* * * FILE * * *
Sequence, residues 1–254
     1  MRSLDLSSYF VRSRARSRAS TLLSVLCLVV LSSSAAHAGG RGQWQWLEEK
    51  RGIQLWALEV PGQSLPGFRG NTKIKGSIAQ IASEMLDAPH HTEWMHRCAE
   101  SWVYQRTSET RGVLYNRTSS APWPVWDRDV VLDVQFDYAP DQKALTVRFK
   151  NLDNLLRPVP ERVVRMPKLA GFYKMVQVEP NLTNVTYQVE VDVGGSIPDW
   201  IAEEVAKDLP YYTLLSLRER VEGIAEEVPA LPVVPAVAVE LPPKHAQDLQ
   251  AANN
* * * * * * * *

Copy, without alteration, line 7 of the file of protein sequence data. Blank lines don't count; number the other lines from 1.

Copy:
   251  AANN